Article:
Date: 17 May 1752
Place: Ballachulish, Appin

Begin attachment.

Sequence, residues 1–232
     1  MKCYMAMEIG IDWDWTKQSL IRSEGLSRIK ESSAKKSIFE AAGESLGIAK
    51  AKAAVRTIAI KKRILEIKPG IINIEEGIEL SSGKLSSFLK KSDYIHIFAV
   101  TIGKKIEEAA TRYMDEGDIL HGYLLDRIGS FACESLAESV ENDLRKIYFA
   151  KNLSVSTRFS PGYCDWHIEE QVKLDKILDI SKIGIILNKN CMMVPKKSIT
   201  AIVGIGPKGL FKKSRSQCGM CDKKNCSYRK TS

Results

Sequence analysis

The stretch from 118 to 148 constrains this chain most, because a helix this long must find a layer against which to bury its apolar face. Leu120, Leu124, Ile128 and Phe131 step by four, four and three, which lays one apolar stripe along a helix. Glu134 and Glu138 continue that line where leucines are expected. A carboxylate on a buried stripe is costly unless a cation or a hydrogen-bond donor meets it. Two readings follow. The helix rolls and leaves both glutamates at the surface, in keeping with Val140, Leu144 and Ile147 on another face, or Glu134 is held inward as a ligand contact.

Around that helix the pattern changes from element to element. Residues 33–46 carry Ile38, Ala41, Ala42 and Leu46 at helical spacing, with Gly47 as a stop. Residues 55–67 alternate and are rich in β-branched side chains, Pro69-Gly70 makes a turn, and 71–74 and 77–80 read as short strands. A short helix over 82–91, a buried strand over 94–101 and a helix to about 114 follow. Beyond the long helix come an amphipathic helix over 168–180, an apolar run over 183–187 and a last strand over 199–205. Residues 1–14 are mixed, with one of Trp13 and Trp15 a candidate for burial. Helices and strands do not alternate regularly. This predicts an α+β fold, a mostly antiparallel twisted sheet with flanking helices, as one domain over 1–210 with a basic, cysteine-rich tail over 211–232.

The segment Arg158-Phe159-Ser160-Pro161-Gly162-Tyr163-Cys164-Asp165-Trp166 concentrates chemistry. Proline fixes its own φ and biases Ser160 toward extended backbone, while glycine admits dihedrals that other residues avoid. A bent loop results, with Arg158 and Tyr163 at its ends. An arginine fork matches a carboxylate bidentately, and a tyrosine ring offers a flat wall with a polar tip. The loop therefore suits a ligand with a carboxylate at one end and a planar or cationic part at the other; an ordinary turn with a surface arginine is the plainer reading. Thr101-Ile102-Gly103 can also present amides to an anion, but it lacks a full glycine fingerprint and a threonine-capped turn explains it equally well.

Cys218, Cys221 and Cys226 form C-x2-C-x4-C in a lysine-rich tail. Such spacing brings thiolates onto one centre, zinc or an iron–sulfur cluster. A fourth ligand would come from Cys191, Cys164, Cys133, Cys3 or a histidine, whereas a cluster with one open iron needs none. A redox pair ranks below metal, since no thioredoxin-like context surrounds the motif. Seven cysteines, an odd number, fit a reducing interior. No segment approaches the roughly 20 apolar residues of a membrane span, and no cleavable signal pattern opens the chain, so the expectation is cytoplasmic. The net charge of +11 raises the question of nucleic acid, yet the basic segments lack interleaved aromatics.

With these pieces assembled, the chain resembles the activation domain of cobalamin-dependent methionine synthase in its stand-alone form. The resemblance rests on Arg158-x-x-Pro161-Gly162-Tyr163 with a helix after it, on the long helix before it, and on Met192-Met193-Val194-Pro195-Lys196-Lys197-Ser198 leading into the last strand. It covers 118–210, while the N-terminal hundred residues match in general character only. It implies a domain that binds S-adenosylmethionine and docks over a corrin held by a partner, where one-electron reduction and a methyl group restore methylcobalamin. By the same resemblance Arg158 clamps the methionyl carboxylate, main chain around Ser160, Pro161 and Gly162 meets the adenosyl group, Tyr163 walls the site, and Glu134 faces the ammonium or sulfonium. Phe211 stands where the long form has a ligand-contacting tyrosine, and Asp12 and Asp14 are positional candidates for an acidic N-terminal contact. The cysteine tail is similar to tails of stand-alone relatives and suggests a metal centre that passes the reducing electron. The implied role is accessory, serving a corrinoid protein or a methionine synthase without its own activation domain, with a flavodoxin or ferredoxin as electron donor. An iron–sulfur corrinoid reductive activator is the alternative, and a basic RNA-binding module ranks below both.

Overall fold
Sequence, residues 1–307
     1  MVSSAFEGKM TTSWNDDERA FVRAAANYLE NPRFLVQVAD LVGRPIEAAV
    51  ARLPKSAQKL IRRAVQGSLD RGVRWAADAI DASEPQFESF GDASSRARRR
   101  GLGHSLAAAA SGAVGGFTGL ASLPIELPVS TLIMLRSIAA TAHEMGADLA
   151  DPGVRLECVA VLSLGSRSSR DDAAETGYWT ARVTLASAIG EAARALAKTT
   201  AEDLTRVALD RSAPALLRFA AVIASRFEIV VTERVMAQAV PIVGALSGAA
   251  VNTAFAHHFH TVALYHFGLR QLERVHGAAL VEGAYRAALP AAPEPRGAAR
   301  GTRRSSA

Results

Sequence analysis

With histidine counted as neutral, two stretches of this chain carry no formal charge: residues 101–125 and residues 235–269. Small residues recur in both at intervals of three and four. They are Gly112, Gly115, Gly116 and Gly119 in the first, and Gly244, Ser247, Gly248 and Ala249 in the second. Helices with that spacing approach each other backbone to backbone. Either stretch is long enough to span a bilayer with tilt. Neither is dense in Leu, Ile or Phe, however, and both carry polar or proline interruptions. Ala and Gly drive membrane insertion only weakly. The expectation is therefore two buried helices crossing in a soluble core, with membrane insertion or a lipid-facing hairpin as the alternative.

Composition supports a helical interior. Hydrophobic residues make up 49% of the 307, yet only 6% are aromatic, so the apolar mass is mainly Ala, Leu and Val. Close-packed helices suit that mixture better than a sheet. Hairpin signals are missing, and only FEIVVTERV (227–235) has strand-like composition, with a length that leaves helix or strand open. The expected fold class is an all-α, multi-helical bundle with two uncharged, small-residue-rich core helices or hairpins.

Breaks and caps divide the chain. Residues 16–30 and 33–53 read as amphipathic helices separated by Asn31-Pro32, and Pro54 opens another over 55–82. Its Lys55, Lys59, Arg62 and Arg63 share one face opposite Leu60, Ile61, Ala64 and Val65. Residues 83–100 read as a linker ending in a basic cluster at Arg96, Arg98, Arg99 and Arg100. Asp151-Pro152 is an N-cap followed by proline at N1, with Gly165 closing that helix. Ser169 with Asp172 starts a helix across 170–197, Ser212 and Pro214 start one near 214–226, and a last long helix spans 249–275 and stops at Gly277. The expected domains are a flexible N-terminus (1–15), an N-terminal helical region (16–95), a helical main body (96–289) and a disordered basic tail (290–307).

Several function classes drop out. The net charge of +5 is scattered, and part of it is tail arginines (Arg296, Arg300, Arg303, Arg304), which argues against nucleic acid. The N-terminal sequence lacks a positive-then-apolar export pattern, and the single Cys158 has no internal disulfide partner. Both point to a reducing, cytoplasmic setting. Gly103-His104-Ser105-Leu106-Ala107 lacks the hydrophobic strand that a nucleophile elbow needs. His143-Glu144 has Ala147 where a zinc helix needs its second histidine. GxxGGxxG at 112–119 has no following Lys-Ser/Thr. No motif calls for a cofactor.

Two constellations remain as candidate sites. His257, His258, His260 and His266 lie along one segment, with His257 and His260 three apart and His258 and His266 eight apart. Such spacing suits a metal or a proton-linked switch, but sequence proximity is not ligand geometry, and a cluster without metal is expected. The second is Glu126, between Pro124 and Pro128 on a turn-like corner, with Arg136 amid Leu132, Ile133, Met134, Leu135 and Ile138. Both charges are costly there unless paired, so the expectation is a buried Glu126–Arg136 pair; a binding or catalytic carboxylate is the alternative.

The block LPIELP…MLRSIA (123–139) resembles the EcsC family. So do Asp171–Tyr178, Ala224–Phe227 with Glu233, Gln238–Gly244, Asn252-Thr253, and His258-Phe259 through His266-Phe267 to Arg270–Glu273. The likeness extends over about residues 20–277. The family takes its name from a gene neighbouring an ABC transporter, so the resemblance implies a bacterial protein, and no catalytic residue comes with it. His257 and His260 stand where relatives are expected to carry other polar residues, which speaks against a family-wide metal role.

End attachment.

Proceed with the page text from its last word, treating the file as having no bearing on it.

On 14 May 1752, Colin Roy Campbell of Glenure, the government-appointed Factor to the forfeited estates of the Stewart Clan in North Argyll, Scotland, was shot in the back by a marksman in the wood of Lettermore near Ballachulish. The search for the killer targeted the local Clan, the Jacobite Stewarts of Appin, who had recently suffered evictions on Campbell's orders. The chief suspect, Allan Stewart (or Alan Breck Stewart) having fled, James Stewart (also known as Seumas a' Ghlinne [James of the Glen] and brother of Ardsheil), one of the last leaders of Stewarts, was arrested for the crime and tried for the murder. Although, it was clear at the trial that James was not directly involved in the assassination (he had a solid alibi), he was found guilty "in airts and pairts" (as an accessory; an aider and abetter) by a jury consisting of people from the locality where the crime occurred. The presiding judge was pro-Hanoverian Archibald Campbell, 3rd Duke of Argyll, Chief of Clan Campbell; 11 Campbell clansmen were on the 15 man jury. James Stewart was hanged on 8 November 1752 on a specially commissioned gibbet above the narrows at Ballachulish, now near the south entrance to the Ballachulish Bridge. He died protesting his innocence and recited the 35th Psalm before mounting the scaffold. To this day in the Highlands, it remains known as "The Psalm of James of the Glens."